One of the first actions under the roadmap will be to reinforce momentum by setting more specific quantitative targets for addressing the four challenges (cost, speed, transparency, access), for endorsement at the October 2021 G20 Summit. The targets will then be monitored and reported on regularly. They will be set in an inclusive manner, including through public consultation. Although such overall targets cannot fully reflect the diversity of the international cross-border payment market and may need to be refined over time in the light of experience, they will play an important role in defining the ambition of the work and creating accountability. The work is due to start now and is planned to continue until at least 2025.

A significant feature of the work will be the need to re-engage banks in particular to resume correspondent banking and the associated facilitation of cross-border payments. Banks have traditionally maintained a broad network of correspondent relationships, but firms are cutting back the number of relationships they maintain and are establishing fewer new ones.

There are a number of root causes for the decline in correspondent banking. The main reason cited is the uncertainty about how far customer due diligence should go to ensure regulatory compliance: in effect, the practical extent to which banks need to know their customers’ customers (KYCC).  As a result, correspondent banking has been subject to de-risking with the associated withdrawal of services which:

  • generate insufficient volumes to overcome compliance costs;
  • are located in jurisdictions perceived as too risky;
  • provide payment services to customers about which the necessary information for an adequate risk assessment is unavailable; or
  • offer products or services or have customers that pose a higher risk for anti-money laundering/combating the financing of terrorism and are therefore more difficult to manage.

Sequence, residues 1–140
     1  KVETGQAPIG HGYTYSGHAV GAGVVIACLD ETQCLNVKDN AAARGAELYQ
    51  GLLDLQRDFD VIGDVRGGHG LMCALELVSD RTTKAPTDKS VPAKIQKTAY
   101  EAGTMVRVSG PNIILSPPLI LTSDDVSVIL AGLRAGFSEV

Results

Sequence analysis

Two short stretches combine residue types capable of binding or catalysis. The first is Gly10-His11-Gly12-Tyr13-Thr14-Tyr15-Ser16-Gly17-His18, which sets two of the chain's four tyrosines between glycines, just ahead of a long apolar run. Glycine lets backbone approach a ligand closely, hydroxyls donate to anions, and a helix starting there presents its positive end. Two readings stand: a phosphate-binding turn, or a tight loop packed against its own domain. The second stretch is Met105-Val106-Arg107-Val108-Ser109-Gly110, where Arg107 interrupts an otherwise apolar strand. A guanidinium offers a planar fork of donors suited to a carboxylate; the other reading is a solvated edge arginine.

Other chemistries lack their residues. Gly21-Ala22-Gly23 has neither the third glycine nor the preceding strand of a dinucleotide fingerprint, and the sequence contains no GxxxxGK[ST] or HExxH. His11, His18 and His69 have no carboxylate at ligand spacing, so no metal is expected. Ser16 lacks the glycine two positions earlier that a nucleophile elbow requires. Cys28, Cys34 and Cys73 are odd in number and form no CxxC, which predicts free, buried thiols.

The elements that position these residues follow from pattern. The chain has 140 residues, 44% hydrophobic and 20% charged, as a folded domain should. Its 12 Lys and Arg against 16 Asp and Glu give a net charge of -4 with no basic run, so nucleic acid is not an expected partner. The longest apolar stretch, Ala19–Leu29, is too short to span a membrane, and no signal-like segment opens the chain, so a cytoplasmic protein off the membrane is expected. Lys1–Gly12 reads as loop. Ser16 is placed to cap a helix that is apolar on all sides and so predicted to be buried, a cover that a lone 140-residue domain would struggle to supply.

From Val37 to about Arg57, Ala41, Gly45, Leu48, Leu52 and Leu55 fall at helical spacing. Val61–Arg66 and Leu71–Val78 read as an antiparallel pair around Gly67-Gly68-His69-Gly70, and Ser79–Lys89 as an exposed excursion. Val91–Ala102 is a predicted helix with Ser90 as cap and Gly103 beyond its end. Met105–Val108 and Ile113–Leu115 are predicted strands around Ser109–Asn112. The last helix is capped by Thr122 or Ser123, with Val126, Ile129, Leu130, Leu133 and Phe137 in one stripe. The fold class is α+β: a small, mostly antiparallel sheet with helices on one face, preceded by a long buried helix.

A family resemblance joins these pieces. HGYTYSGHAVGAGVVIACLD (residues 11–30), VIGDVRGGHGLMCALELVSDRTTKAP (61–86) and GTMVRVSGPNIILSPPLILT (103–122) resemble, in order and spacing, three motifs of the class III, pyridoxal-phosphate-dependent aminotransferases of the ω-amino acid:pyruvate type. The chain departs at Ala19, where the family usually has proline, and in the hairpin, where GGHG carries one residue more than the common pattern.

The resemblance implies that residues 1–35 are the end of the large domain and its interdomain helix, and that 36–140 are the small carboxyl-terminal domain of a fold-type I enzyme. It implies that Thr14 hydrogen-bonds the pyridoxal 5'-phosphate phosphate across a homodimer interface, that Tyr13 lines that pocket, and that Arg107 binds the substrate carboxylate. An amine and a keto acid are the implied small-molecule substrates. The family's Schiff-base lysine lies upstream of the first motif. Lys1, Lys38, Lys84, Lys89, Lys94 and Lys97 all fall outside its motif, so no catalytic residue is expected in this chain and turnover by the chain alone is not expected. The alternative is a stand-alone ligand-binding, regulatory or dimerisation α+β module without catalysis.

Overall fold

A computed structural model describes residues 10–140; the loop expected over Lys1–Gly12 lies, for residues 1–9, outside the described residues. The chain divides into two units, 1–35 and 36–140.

The Bank of England is fully involved and committed to the project. “I believe that the timelines and actions in the roadmap and the fact that the pace of this work has been maintained during what has been an unprecedented year for us all, underlines the importance and urgency placed on improving cross-border payments,” Victoria Cleland, executive director, banking, payments and innovation at the Bank of England, said in a speech on October 13, 2020 at the Central Bank Payments Conference.  

The FSB is clear that “strong commitment, coordination and accountability will be critical to success”. The roadmap incorporates a framework where individual actions are taken forward by the most suitable expert bodies, in accordance with their mandates, with the FSB providing coordination and reporting annually on progress to the G20 and the public. This process will provide an opportunity to update and adapt the roadmap as it evolves, to keep it on track to meet its overall goals.

Financial services firms need to follow the potential developments in reforming the international approach to cross-border payments and correspondent banking. The roll-out of the stage 3 roadmap is likely to involve substantial amounts of consultation and involvement from the private sector. Indeed, the work under each building block will consider the best way to involve the private sector — something which will be essential to share insights and practical expertise, as well to deliver the required change.

This article was written by Susannah Hammond, a member of the Thomson Reuters Regulatory Intelligence team in London. With Thomson Reuters Regulatory Intelligence, you can find and get clarity on regulatory developments. It is your first step in your regulatory compliance program, because it allows you to track, flag and share regulations.

Susannah Hammond is a senior regulatory intelligence expert and joined our regulatory intelligence team from GE Capital Bank where she was head of compliance. Susannah has over 25 years’ wide-ranging experience in international and UK financial services.

A qualified chartered accountant, Susannah’s compliance career includes SG Warburg, Caspian Securities and PricewaterhouseCoopers. She was head of international regulatory risk for the Halifax Group and became head of retail regulatory risk for HBOS plc upon Halifax’s merger with Bank of Scotland.